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Lawyers and experts on the new mechanism for holding the BC accountable and dismissing its members

12 November 2021
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The decision of the parliamentary commission for the media to repeatedly examine the activity report of the Broadcasting Council (BC), which led to the dismissal of BC members on Thursday, November 11, is viewed critically by some experts and lawyers. On the one hand, they remind that new legislative provisions cannot be applied to past events. On the other hand, changes are predictable in the context of the new amendments to the Code of Audiovisual Media Services.

At the plenary meeting on November 11, MPs adopted a decision rejecting the BC’s activity report for 2020 and, consequently, dismissing the current members of the BC. The decision was adopted following the examination of the report presented by the commission for the media, which came up with this recommendation, while the report had already been examined in spring 2021. Liliana Nicolaescu-Onofrei, the head of the commission, explained that the report had been discussed for the second time after the Code of Audiovisual Media Services was amended, and also because the document had not been registered in the Parliament, and MPs did not issue any decision during the previous examination of the document.

The lawyer Tatiana Puiu, Freedom House representative in Moldova, believes that the MPs’ intention to change the BC members is understandable, since some civil society representatives expressed discontent with the work of the BC. However, she believes that the repeated examination of the report and subsequent dismissal of the BC members “raises some questions” and is “problematic”. According to her, as a rule, laws apply to future events. “They once heard the 2020 activity report, and next they should examine the year 2021. (...) The law does not apply retroactively. (...) MPs could include in the draft law the possibility to examine the report by derogation from the general rule,” Tatiana Puiu said.


The political scientist Denis Cenușa noted the speed with which the country’s leadership promotes changes in some areas. “In the process, it shows its readiness to commit violations or abuse because in its vision the end justifies the means. The repeated hearing of the BC’s report denotes a fierce intention to completely reset the country’s broadcasting regulator. In this way, they want to achieve results as early as possible during the four-year term of the governing party,” noted Denis Cenușa.

“However, you cannot make changes retroactively by applying the newly voted legislation. The BC is to present a new report in the spring of 2022, when the new legislation can be applied. This haste creates major risks of politically influenced decisions more than the objective evaluation of the BC’s performance. This will be a black mark for the government,” Cenușa believes.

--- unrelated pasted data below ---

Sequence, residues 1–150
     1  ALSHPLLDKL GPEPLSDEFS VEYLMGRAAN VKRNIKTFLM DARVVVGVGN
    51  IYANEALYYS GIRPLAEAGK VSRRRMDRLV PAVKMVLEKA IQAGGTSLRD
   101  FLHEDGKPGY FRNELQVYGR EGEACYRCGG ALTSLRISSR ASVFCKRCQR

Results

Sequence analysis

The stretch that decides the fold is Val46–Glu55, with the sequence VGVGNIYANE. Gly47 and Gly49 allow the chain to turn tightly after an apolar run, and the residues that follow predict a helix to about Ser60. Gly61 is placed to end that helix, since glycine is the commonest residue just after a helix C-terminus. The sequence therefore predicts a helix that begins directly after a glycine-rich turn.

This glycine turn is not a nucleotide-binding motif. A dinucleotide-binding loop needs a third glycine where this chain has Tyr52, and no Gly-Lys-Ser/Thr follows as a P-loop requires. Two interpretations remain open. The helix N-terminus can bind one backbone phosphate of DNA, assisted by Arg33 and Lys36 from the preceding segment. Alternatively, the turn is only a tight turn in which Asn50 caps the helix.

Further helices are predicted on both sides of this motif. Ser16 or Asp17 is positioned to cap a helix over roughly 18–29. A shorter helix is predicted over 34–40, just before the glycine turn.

Ion Bunduchi, the executive director of the Electronic Press Association (APEL), also spoke about the responsibility that the country’s leadership assumed in the field of broadcasting. “They want quick changes, and that is not to be condemned. On the contrary, if changes are for the better and are real, we will all win. If not, we all have to lose, including our leadership, because, until now, if the BC worked poorly, the BC was criticized, and now, if the BC works poorly, criticism will target the country’s leadership, which assumed responsibility for the work of the BC, too. That’s the equation,” the expert explained.

Bunduchi insists that there is, however, a way that does not require changing the law in order to change things for the better – “delegating to the BC some members who fully comply with the law (before amendments to the Code), are honest, professional, without political affiliation.”

The media researcher Aneta Gonța called the MPs’ decision to repeatedly examine the BC’s activity report for 2020 “logical in the sense of the amendments made to the Code of Audiovisual Media Services”. “It was clear from the start that they want to change the BC members as quickly as possible, and the only quick possibility now is to reject the report. It is ridiculous, of course, to say in November that this report is bad and that the BC failed to perform properly, when in March the majority of MPs found it ‘satisfactory’. But back then the commission for the media had other members, too,” Gonța recalls.

The dismissal of BC members is not the only recent dismissal in broadcasting. After the new amendments to the Code of Audiovisual Media Services entered into force last week, the public company Teleradio-Moldova (TRM) returned under parliamentary control. Thus, the term of office of all members of the TRM’s Supervisory Board and director ended.